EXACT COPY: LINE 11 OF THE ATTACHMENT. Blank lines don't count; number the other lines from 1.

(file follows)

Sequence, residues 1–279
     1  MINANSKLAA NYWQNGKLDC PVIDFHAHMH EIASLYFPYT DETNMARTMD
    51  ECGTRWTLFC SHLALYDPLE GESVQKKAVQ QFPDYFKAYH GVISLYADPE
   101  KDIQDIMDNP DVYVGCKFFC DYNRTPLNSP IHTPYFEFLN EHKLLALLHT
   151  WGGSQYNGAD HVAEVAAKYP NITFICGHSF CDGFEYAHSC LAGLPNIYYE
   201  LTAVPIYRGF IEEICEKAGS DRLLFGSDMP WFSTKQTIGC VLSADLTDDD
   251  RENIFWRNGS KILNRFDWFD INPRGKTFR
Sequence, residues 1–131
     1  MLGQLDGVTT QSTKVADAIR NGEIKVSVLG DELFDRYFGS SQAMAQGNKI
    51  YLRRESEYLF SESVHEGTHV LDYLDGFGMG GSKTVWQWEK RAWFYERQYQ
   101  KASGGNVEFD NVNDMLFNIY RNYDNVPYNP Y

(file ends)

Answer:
   101  KASGGNVEFD NVNDMLFNIY RNYDNVPYNP Y